15 Was Indicted a generall Fast through the whole Nation, & now celebrated at Lond: to avert Gods heavy judgement on this Land, there having falln so greate raine without any frost or seasonable cold: & not onely in England, but in Sweden & the most northern parts; it being here neere as warme as at Midsomer some yeares: The wind also against our Fleete which lay at greate expenses, for a gale to to carry it to Portugal for the new Queene; and also to Land the Guarnison we were sending with the Earle of Peterborow at Tangier, now to be put into our hands, as part of the Q: portion: This solemn Fast was held for the House of Commons, at St. Margarites: ... The effect of this fast appeard, in an immediate change of wind, & season: so as our Fleete set-saile this very afternoone, having laine wind-bound a moneth:
16 Having notice of his R: Highnesse the Duke of Yorks intention to visite my poor habitation and Garden this day, I returned; where he was pleasd to do me that honour of his owne accord: and to stay some time viewing such things as I had to entertaine his curiosity; after which he caused me to dine with him at the Treasurer of the Navys house, & to sit with him coverd at the same table: There were with his Highnesse The Duke of Ormond & severall Lords: Then they viewed some of my Ground, about a project of a Sasse or recep-tacle for ships to be moored in; which was laied aside, as a fancy of Sir Nic: Crisp &c: After this I accompanied the Duke to an East India vessel that lay at Black-Wall, where we had Entertain<me>nt of several curiosities: among other spiritous drinks, as Punch &c, they gave us Canarie that had ben carried to, & brought back from the Indies, which was indeede incomparably good: So I returnd to Lond, with his highnesse. This night was acted before his Majestie the Widow, a lewd play:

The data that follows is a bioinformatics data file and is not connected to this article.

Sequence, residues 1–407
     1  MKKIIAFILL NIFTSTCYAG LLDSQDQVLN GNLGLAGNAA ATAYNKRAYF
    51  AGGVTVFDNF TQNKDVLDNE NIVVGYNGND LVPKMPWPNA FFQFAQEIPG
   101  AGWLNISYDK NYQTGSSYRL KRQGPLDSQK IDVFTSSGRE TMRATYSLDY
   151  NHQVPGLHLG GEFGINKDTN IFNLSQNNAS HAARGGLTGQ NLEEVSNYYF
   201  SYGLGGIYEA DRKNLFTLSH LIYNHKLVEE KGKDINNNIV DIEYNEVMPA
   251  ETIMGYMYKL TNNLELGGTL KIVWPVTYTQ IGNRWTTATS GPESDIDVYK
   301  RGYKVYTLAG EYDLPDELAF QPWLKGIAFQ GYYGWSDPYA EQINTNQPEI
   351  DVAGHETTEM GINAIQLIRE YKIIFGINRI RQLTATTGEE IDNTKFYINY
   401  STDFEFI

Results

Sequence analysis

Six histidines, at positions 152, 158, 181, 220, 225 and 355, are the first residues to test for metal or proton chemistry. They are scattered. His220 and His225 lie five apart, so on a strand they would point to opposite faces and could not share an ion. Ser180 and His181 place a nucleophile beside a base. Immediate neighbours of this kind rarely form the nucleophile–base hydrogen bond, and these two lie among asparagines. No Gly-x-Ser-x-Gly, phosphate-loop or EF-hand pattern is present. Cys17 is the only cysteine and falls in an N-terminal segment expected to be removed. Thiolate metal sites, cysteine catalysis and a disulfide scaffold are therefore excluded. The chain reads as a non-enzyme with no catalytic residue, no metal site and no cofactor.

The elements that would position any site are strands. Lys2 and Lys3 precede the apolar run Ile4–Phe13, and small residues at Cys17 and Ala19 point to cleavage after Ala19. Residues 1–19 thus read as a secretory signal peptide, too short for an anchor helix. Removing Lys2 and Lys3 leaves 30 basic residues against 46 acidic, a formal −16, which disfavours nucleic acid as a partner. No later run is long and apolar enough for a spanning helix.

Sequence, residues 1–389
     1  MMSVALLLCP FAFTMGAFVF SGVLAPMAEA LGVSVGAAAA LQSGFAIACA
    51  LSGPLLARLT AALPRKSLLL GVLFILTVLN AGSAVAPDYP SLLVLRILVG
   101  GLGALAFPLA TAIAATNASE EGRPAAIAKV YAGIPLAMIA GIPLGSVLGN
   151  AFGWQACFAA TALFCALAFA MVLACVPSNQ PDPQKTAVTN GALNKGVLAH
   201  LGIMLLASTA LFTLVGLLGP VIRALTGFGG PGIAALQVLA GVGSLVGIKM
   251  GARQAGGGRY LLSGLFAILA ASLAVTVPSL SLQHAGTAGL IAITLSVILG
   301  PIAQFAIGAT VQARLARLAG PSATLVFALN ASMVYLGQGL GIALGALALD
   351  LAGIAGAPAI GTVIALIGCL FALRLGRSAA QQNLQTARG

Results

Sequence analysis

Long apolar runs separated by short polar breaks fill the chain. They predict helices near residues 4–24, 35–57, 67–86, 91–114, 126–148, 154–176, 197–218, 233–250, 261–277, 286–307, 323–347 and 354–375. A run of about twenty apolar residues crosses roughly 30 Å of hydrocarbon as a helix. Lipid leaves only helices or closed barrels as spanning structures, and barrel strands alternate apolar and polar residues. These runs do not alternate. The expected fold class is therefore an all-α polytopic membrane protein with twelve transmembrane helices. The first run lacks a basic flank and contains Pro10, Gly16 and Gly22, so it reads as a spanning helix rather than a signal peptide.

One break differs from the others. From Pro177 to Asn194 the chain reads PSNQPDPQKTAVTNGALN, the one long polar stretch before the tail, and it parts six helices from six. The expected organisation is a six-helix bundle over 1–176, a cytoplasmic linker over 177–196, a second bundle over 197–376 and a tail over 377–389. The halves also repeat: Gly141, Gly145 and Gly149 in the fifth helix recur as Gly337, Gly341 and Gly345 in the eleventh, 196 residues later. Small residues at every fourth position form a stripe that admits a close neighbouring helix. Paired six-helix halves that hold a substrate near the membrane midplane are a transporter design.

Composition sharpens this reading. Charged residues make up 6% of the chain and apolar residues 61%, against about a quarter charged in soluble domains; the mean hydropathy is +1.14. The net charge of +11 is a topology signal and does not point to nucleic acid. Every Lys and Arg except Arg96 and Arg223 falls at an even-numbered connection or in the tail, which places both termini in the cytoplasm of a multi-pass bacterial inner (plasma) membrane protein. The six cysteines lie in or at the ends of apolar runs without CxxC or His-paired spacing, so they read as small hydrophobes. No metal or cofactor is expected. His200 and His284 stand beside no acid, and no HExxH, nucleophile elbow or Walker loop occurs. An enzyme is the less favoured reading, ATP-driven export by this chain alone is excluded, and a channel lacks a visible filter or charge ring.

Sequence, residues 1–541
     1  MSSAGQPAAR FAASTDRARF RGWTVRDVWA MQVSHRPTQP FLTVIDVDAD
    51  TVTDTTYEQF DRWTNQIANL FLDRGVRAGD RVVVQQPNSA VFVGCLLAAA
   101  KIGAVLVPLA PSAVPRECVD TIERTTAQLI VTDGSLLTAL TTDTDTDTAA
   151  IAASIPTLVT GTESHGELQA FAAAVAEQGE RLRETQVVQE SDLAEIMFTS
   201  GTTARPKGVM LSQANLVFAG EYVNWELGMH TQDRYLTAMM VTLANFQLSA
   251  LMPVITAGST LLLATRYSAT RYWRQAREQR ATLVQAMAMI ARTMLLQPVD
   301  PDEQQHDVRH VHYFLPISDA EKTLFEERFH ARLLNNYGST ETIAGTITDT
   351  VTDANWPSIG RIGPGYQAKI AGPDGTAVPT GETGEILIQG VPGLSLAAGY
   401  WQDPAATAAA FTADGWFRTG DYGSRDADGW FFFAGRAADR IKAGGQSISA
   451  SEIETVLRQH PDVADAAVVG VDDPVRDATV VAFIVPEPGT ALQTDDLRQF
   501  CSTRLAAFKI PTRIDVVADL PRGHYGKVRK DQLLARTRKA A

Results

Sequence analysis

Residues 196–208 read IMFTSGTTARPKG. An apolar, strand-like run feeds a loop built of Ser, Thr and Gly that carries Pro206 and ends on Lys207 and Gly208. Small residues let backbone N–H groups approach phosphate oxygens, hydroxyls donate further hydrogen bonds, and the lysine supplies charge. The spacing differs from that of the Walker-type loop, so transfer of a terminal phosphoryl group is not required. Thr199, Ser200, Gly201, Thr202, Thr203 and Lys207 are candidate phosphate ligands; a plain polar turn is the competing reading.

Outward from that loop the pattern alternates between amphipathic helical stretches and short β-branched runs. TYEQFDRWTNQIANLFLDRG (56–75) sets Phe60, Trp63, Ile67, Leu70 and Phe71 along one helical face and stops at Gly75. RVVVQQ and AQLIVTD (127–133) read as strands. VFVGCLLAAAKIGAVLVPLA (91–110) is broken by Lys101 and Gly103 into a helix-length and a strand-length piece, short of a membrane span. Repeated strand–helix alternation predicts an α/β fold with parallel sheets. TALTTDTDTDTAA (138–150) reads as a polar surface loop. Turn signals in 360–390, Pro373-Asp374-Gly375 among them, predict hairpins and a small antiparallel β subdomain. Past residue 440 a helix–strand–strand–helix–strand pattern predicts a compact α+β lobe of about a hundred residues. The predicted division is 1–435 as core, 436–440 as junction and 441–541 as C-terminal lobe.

18 I came home to be private a little, not at all affecting the life & hurry of Court.
22: To Lond: at our Society divers tryals about the declination of the Needle; & discourses concerning the reduction of time and Measures to a certaine standard, as by Vibration of Pendules & other proportions.
24 His Majestie entertaind me with his intentions of building his Palace of Greenewich & quite demolishing the old; on which occasion I declard him my thoughts.